The first article in this series, Intro to Common Sensors You’ll Use in Your Projects introduces temperature sensors and some common mechanical sensors.
It also promises that the next article will cover acoustic sensors and optical sensors.
I like to keep my word, so that is exactly what we’re going to do in this post.
Let’s jump right in…
More Common Types of Sensors
When we think of sensors, many of us forget about the good old microphone. Perhaps it’s because they’ve been around forever. Or maybe its because they’re so pervasive in everyday life.
Who among us hasn’t used some sort of microphone?
When you talk into a phone — be it landline or cellular — you’re using a microphone. When you give a speech, you’re using a microphone. If you’re able to receive calls through your vehicle’s audio system, you’re using a microphone. You get the idea. They’re everywhere.
A microphone converts variations in sound pressure into an electrical signal. The amplitude of this signal is proportional to the intensity, or volume, of the sound and the frequency is proportional to the frequency of the sound.
If your project involves detecting and/or reacting to any sounds, you’ll need a microphone, so they’re important sensors.
There are three common types of mics.
If you’ve ever given a speech or had to talk to a group of people in a large room, you probably used a dynamic microphone. They’re the big ones you hold in your hand or perhaps place on a stand. In most cases, you likely won’t be using this type of microphone in your projects unless your project has something to do with hi-fi music/voice recording or public address systems, so we won’t say anything more about them here.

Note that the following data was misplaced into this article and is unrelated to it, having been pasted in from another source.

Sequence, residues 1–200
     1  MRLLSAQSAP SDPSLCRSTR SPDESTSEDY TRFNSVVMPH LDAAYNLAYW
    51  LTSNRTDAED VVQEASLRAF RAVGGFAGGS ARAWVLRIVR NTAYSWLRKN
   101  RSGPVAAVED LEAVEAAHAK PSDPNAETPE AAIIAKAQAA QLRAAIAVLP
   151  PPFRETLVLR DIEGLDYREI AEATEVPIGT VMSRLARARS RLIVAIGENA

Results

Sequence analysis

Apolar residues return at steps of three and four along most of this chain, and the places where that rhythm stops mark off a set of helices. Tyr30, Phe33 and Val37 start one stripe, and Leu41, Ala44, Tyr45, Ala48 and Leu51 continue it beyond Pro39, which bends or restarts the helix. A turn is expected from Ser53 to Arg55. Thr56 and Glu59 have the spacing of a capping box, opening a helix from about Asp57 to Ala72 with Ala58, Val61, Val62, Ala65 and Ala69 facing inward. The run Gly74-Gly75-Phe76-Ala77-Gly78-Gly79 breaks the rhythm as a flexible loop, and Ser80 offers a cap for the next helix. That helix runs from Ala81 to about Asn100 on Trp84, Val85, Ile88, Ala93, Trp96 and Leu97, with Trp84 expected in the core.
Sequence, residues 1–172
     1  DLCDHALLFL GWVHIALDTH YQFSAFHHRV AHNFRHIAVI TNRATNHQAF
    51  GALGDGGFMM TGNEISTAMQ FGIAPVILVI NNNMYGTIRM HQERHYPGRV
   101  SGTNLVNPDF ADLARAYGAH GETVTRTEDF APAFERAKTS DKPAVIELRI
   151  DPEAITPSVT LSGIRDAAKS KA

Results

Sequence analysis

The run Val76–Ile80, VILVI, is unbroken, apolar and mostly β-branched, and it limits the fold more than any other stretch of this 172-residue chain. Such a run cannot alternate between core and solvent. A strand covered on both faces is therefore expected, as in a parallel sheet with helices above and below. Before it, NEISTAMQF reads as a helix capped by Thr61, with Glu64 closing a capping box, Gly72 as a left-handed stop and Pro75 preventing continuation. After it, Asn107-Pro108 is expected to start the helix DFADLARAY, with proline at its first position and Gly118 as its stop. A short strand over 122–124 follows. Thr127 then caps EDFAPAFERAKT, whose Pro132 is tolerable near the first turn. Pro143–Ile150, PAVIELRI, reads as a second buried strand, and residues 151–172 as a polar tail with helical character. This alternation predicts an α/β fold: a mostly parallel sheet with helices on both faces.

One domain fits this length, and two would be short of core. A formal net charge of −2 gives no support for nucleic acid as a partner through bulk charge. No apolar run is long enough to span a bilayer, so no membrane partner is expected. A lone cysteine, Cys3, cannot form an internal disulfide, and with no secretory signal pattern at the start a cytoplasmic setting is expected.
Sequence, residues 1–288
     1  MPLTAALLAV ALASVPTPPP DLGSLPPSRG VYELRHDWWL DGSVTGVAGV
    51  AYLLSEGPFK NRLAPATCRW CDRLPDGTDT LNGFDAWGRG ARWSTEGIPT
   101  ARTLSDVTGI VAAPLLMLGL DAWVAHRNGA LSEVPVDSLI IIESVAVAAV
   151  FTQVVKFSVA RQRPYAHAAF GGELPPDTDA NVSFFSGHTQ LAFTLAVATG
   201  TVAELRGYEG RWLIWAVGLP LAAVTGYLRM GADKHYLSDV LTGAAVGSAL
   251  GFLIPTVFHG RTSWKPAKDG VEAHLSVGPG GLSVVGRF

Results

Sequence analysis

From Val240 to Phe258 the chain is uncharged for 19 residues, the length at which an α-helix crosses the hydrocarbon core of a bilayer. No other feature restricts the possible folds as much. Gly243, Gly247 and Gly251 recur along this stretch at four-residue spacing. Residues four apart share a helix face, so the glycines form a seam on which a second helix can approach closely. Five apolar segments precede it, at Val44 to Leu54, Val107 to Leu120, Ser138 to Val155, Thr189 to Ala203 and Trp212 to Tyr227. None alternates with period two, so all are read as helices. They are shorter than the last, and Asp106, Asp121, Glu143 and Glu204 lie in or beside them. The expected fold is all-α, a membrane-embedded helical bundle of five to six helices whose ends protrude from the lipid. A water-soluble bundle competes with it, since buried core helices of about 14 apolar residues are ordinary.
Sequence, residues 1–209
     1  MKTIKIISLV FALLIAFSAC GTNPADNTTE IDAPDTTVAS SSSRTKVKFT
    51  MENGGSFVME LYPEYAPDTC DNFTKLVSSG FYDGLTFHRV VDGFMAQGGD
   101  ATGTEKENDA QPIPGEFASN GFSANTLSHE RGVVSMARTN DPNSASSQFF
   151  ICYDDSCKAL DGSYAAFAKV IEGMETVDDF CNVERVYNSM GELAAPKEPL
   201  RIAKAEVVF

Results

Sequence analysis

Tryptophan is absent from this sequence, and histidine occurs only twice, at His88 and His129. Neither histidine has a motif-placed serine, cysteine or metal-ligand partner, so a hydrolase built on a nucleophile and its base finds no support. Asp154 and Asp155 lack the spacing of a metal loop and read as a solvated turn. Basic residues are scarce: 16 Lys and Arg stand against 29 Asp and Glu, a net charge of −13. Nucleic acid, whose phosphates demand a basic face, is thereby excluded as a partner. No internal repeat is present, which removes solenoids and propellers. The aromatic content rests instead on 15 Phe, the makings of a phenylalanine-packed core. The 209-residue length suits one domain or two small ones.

Condenser microphones consist of a pair of plates with a charge on them, like a capacitor. In fact, the word condenser is an old, archaic term for capacitor.
One of the plates is free to move as sound pressure varies making it vibrate back and forth. If you use one of these, you’ll likely need some way to amplify the signal. On the upside, condenser mics offer crisp, low-noise sound and often find their way into high quality recording applications.
The third and final microphone we’ll touch on is the one you’ll probably use in your projects. The electret microphone is kind of like the condenser mic. This type of microphone uses a piece of plastic with a permanent charge (this is the electret) in parallel with a metal back plate. Many of them have some amplification built into them. Their performance isn’t as great as condenser mics, but for most projects involving sound detection they’ll suffice.
On a final note, you’ll often find electret mics on breakout boards for use with Arduino, RPi, and other boards.
Figure 1: a typical electret microphone.
Figure 2: electret mic on a breakout board.
Ultrasonic Distance Sensors
What hobby-level robot builder doesn’t love the ultrasonic (a.k.a. ping) sensor?
I sure don’t know of any.
In fact, these sensors are so pervasive in hobby robotics that the robot kit I recently reviewed came with only 2 sensors, and one of them was an ultrasonic sensor.
Ultrasonic sensors also find use in medical equipment, cameras, and other applications. However, the ones on the machine providing you with pictures of your unborn baby are a little different (and higher quality) than the ones most hobbyists use. Figure 3 depicts the robot from my review with the ubiquitous sensor on the front.
Figure 3: the ultrasonic sensor sits at the front of the ‘bot, peering at you like two eyes that only see sound.
First, let’s talk about what ultrasonic actually means.
The official frequency range of human hearing spans only from 20 Hz to 20 kHz, though most of us are more like 50 Hz to about 14 kHz. The definition of ultrasonic is quite loose and anything above 20 kHz is an ultrasonic “sound,” even “sounds” with frequencies in the gigahertz range. I put the word “sound” in quotes because even though ultrasonic waves are pressure waves just like sound waves, humans can’t hear any frequencies above 20 kHz. So, if a tree falls in the woods and no one is there does it make a sound or is it ultrasonic…?